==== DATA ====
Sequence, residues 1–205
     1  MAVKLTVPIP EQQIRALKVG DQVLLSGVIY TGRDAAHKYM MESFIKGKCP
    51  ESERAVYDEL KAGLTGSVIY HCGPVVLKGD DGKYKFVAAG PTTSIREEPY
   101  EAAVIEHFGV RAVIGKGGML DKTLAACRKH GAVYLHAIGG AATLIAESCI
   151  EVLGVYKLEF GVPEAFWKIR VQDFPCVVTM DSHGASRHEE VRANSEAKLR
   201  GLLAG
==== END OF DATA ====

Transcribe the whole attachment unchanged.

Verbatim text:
Sequence, residues 1–205
     1  MAVKLTVPIP EQQIRALKVG DQVLLSGVIY TGRDAAHKYM MESFIKGKCP
    51  ESERAVYDEL KAGLTGSVIY HCGPVVLKGD DGKYKFVAAG PTTSIREEPY
   101  EAAVIEHFGV RAVIGKGGML DKTLAACRKH GAVYLHAIGG AATLIAESCI
   151  EVLGVYKLEF GVPEAFWKIR VQDFPCVVTM DSHGASRHEE VRANSEAKLR
   201  GLLAG